My name is Conor and my dad’s name is Martin. I’m now 22 years old and I was 17 when my dad died after battling with a type of brain tumour called a Glioblastoma Multiforme.
My dad was the funniest and most quick-witted person I’ve ever known. He enjoyed football and supported Manchester City (which caused some tension over the years as I support Liverpool), and loved a pint in the pub garden on weekends.
How music has helped me with my grief
Music has helped me enormously as both a way to escape, but also as a way to face my emotions head on. I’ve found song writing massively cathartic and it’s really allowed me to articulate my feelings and let them out in a positive way. I hope that maybe others who have lost their fathers, or lost anyone for that matter, can find solace in it.
As well as creating my own music, I’ve also found solace in other artists’ music. In particular, a rapper called Loyle Carner who has been vocal about losing his dad and has spoken about it a lot in his music.
Father’s Day without my dad
When I was younger we would celebrate Father’s Day together, normally going for days out or for a nice meal. Since he passed away, Father’s Day has been a pretty weird one and for some time it felt like something that didn’t really apply to me anymore.
It was definitely tough in the first couple of years after he died, especially turning 18 and seeing my friends take their dads out for a celebratory pint and not being able to do the same. But in more recent years, I’ve been really trying to use these days to celebrate my dad’s life, looking back at all the joy-filled times we had together and sipping a pint of Guinness (one of his favourites).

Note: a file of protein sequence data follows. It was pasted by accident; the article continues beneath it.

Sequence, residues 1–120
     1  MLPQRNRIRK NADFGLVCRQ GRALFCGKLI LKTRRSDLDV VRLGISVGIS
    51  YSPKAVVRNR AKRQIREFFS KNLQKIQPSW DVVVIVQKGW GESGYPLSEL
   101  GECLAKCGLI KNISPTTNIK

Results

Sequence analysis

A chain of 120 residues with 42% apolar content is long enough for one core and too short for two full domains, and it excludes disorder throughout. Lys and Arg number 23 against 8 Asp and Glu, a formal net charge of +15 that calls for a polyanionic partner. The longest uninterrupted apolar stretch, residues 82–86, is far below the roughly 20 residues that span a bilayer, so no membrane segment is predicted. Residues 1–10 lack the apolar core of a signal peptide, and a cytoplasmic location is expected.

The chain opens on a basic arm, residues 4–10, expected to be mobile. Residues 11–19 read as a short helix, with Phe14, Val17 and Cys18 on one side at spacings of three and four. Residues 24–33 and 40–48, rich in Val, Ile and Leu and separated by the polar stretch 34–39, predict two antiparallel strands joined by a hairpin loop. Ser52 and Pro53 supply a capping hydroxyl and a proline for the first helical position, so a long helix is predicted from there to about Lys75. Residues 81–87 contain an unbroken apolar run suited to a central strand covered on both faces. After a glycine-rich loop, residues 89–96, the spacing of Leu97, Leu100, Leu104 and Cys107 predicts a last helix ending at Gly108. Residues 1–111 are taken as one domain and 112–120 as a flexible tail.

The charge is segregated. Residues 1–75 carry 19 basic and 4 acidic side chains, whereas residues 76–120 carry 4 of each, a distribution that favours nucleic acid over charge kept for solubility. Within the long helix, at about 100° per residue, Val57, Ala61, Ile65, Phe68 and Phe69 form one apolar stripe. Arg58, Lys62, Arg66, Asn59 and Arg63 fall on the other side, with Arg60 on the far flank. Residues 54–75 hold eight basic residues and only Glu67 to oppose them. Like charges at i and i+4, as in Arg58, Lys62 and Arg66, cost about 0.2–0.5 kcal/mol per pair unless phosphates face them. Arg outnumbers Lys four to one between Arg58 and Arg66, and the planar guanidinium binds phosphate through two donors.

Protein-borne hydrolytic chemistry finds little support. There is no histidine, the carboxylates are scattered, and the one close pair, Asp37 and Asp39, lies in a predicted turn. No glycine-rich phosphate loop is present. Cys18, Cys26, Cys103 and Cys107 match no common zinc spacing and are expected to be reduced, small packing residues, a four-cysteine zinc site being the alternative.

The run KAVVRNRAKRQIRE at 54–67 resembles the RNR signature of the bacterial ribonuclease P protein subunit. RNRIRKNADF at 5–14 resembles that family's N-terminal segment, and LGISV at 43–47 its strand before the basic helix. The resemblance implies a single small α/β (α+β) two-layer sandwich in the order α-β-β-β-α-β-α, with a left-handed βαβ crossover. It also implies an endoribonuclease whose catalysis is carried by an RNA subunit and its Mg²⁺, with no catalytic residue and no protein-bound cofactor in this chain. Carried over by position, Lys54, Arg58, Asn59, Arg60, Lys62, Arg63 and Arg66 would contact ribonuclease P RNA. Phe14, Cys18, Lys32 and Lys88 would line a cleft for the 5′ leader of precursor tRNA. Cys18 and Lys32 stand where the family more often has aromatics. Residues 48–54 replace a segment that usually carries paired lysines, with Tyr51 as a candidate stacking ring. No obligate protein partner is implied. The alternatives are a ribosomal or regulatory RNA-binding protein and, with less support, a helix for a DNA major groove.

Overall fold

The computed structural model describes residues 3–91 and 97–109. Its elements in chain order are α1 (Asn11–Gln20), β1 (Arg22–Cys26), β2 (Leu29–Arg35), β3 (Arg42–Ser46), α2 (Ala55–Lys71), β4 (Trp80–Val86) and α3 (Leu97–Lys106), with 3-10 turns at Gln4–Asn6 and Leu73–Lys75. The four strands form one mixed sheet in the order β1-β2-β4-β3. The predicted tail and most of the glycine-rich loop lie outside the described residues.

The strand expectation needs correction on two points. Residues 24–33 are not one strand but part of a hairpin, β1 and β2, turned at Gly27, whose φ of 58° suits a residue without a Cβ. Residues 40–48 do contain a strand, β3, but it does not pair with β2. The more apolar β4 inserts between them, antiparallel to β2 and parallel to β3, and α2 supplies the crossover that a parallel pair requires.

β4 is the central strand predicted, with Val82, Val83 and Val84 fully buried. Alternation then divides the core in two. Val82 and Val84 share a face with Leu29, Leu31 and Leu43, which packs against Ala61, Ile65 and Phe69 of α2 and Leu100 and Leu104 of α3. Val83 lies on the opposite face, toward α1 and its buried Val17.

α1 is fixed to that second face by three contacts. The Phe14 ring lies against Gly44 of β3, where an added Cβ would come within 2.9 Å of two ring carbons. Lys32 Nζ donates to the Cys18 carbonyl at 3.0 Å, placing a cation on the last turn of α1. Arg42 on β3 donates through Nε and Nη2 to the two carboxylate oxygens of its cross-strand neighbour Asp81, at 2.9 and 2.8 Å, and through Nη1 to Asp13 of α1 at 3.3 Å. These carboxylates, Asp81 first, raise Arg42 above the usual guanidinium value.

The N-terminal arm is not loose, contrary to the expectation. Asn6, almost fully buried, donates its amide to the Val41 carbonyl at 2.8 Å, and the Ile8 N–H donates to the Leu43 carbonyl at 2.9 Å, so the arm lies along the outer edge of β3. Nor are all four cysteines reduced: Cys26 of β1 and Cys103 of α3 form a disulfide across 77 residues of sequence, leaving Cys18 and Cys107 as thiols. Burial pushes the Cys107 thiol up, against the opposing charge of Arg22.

My advice to you on Father’s Day
If I could give any advice to young people facing Father’s Day without their dad, I would say don’t feel like you have to feel a certain way. For the first couple of years, on big days such as Father’s Day I felt numb and as time has gone on I’ve started to feel more emotional.
It’s nice to try to think back to positive memories you have of them, but for some that can be tough. Try not to force yourself or put any expectations on yourself to feel a certain way. It’s okay to feel sad, but it’s also okay to feel happy or even feel nothing.
Life grows around grief
The first time I heard about Winston’s Wish was when my mum found out about it and suggested we should go and have a chat. We went together for bereavement counselling and I found it hugely helpful. It was a good chance to express how I was feeling and to be reassured that what I was feeling was normal.
Our counsellor, Emma, gave me some really good tools and ideas of ways to manage my emotions. The thing that I remember most vividly is an image she showed us of an object that symbolized grief. The image showed that it wasn’t grief that got smaller and went away over time, but life that grew around it.
Grief doesn’t just go away over a period of time. It comes in waves. You don’t get rid of it, you learn to live with it and life grows around it. Sometimes, it can hit you out of nowhere, even five years on.
Ways to express your feelings when grieving
Tom’s story: There’s no right or wrong way to feel on Father’s Day